Housebreaking Bozo!

Dog Training. Housebreaking Bozo!

When Bozo came to me, he was 12 weeks, for housebreaking, so my mission was to housebreak him in a few days. First thing I did was put on a Herm Sprenger choke collar on him, for safety, and a light-weight line, about 15 ft. long. As I moved through the house, and outside, I held the line in my hand, and this helped the puppy follow me everywhere.  By nature, dogs are pack animals, and they submit to a leader, so my behavior made Bozo aware that I was his leader, and that he should follow. At first, he screamed and carried on, but he quickly gave up protesting and happily went along with me.

When we were in the house, Bozo was comfortable in his crate, which I covered with a sheet, for maximum air ventilation, and privacy for him. He cried a bit, but I corrected this behavior, and he quieted down and protested no more.

I kept Bozo on a very disciplined, natural  raw food schedule for his maximum health, as well as  reliability in bowel movements, and natural dental care. He loved eating chicken with the bone in, and I was able to add venison, beef, fish and pork as he grew. His coat grew shiny and luxuriously soft – he looked like I put oil on his coat, but that wasn’t necessary. His stools were tiny, firm and very easy to pick up and dispose of in the trash bag.

Bozo spent a lot of his day outside with the pack of daycare dogs, where housebreaking was not an issue.  He loved playing with the large and small dogs. He annoyed the older dogs, by jumping on them, and hitting them with his paws, but they put him in his place, and he thrived. When he got tired, he rested again inside in his crate.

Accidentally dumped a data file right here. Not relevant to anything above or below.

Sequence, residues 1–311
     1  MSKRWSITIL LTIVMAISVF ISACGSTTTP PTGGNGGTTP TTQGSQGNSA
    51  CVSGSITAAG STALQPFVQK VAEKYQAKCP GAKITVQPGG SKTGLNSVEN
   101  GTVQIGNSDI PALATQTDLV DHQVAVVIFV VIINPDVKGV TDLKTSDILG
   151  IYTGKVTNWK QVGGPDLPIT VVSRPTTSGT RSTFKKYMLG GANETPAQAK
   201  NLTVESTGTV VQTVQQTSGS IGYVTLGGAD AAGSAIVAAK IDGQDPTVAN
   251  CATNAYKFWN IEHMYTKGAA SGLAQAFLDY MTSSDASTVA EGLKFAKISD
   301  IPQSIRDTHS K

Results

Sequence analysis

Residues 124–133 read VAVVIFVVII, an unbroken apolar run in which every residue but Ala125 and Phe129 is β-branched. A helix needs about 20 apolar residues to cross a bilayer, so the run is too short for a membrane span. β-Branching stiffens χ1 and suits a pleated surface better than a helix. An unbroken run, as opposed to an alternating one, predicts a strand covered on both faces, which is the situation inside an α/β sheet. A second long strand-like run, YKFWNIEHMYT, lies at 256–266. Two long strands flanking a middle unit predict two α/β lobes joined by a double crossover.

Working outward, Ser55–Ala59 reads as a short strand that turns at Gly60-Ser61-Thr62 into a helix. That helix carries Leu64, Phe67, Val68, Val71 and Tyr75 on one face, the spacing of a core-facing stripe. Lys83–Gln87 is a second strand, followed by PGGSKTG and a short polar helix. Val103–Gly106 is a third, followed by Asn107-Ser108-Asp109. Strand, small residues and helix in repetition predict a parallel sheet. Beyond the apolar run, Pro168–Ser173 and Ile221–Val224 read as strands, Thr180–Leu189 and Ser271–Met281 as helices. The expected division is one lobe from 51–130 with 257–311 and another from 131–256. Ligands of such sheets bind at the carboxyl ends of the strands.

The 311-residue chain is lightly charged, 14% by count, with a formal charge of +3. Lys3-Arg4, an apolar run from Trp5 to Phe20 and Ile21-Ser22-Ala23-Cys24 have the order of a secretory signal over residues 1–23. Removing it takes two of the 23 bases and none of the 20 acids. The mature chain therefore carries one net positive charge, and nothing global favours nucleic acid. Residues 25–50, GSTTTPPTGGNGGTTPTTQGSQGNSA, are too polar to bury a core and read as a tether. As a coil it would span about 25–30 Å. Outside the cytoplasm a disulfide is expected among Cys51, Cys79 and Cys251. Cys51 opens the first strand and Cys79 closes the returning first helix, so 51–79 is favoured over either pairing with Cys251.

At 12 weeks, Bozo was capable of waiting many hours to eliminate, and at night there was no need for me to get up and take him out.  He easily and comfortably slept 8 hours without a peep from him.  When I took him out in the morning, I always took him to the same place, and as his nose explored the ground, I softly told him “go potty”, “go potty”, “go potty”.  He got into position, started to “go”, and I very softly praised him “good boy”, “good boy”, “good boy” until he finished.  When he finished, I promptly stopped praising him, then repeated the procedure with his sold waste elimination.

After three days of his housebreaking regimen, Bozo was completely housebroken, and never needed a correction for “going” in the house.

Elizabeth Wood